Business interests trump human rights, laments Britain’s Foreign Affairs Committee: here.

[British] Government accused of prioritising trade over human rights: here.

Tory ministers accused of putting foreign trade deals before human rights: here.

Stopping the rainbow flag being flown over the Foreign Office and embassies during Gay Pride events undermines efforts to promote human rights, MPs have warned. William Hague allowed the international symbol to be raised atop his Whitehall headquarters as Foreign Secretary in 2014 but the practice ended when Philip Hammond took over the role: here.

The Foreign Office has been accused of not taking human rights issues seriously enough: here.

9 thoughts on “Still human rights violations in Bahrain

  1. Wednesday 6th April 2016

    posted by Joana Ramiro in Britain

    Foreign Secretary lambasted by panel of MPs

    FOREIGN Secretary Philip Hammond was accused yesterday of “soft pedalling” over the death penalty and undermining his own department’s work by deprioritising human rights.

    A report by the foreign affairs select committee found that funding for the Foreign Office’s (FCO) dedicated human rights programme has been doubled to £10.6 million.

    But the committee, chaired by Tory MP Crispin Blunt, said Mr Hammond and other Tory ministers have “generated a perception that their work on human rights has become less important.”

    Mr Blunt said: “The actions and words of ministers in the Foreign Office have undermined the excellent human rights work carried out by the department. This needs to be remedied.”

    Changes made by the government to the Foreign Office’s human rights strategy were also criticised by the committee, as they could lead to it “losing the focus of specific human right priorities.”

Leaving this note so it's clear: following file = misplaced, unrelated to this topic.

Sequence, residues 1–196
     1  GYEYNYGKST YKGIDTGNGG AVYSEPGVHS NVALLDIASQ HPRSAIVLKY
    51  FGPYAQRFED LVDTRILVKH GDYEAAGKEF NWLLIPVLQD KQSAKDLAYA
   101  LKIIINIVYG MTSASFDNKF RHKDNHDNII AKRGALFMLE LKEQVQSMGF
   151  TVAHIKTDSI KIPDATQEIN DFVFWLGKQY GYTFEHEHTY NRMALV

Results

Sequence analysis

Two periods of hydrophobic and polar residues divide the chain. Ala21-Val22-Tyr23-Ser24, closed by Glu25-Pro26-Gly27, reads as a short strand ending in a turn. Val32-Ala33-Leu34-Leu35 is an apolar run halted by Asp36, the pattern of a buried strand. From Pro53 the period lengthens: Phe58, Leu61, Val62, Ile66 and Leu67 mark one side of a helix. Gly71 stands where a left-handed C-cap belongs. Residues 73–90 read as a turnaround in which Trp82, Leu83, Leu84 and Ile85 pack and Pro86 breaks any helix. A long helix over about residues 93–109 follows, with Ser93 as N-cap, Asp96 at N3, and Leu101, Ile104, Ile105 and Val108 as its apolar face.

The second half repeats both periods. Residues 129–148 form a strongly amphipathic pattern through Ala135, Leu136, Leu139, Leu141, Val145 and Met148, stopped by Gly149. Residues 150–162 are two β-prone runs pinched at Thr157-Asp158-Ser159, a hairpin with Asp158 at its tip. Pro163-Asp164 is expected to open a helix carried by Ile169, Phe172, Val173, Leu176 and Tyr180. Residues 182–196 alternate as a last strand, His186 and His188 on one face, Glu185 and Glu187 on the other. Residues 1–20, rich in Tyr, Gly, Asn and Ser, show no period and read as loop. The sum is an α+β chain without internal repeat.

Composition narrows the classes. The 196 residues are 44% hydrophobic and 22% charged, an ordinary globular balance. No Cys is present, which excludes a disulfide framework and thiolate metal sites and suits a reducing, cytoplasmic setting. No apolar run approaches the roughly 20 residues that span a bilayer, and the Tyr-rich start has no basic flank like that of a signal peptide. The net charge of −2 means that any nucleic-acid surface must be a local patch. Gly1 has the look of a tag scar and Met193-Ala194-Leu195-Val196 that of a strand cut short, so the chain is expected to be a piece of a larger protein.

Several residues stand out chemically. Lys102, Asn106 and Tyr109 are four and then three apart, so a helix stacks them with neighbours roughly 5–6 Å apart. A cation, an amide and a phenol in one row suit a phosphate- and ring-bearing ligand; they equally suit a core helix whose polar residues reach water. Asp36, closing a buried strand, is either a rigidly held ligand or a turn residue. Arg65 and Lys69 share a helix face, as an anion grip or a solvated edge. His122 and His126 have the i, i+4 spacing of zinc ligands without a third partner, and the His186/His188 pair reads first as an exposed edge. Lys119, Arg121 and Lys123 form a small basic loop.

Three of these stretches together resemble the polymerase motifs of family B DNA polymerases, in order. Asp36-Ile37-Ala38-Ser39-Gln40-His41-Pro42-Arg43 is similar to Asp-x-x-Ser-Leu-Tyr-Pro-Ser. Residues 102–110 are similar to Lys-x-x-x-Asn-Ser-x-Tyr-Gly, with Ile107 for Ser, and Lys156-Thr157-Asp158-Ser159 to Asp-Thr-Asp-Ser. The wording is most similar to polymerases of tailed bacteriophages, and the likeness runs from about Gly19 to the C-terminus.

Legal charity Reprieve spokeswoman Maya Foa said: “MPs are right to raise these concerns. In recent months
    we have seen a steady downgrading of the government’s commitment to human rights.”

    Mr Blunt’s committee vowed to monitor the Foreign Office’s work on the cases of 11 named political prisoners and to benchmark its progress on human rights.

    They include Andy Tsege, an Ethiopian democracy activist currently imprisoned in Addis Ababa, and Irish teenager Ibrahim Halawa, who was arrested three years ago in Egypt for taking part in a demonstration.

    The government was also criticised by Amnesty International yesterday for putting profits before people by failing to take action against the rising number of executions being carried out by international allies.

    Amnesty director Kate Allen said: “Like the foreign affairs committee , we’re worried that the government has started soft pedalling over foreign countries’ use of the death penalty, preferring to prioritise trade with countries like China, Saudi Arabia or Pakistan.”

    Shadow foreign secretary Hilary Benn added: “Tory ministers need to realise that Britain’s standing in the world is diminished if we fail to speak out against the death penalty and abuses of the rule of law.

    “David Cameron should be using Britain’s influence to stand up to repressive regimes, rather than letting human rights slip down his government’s list of priorities.”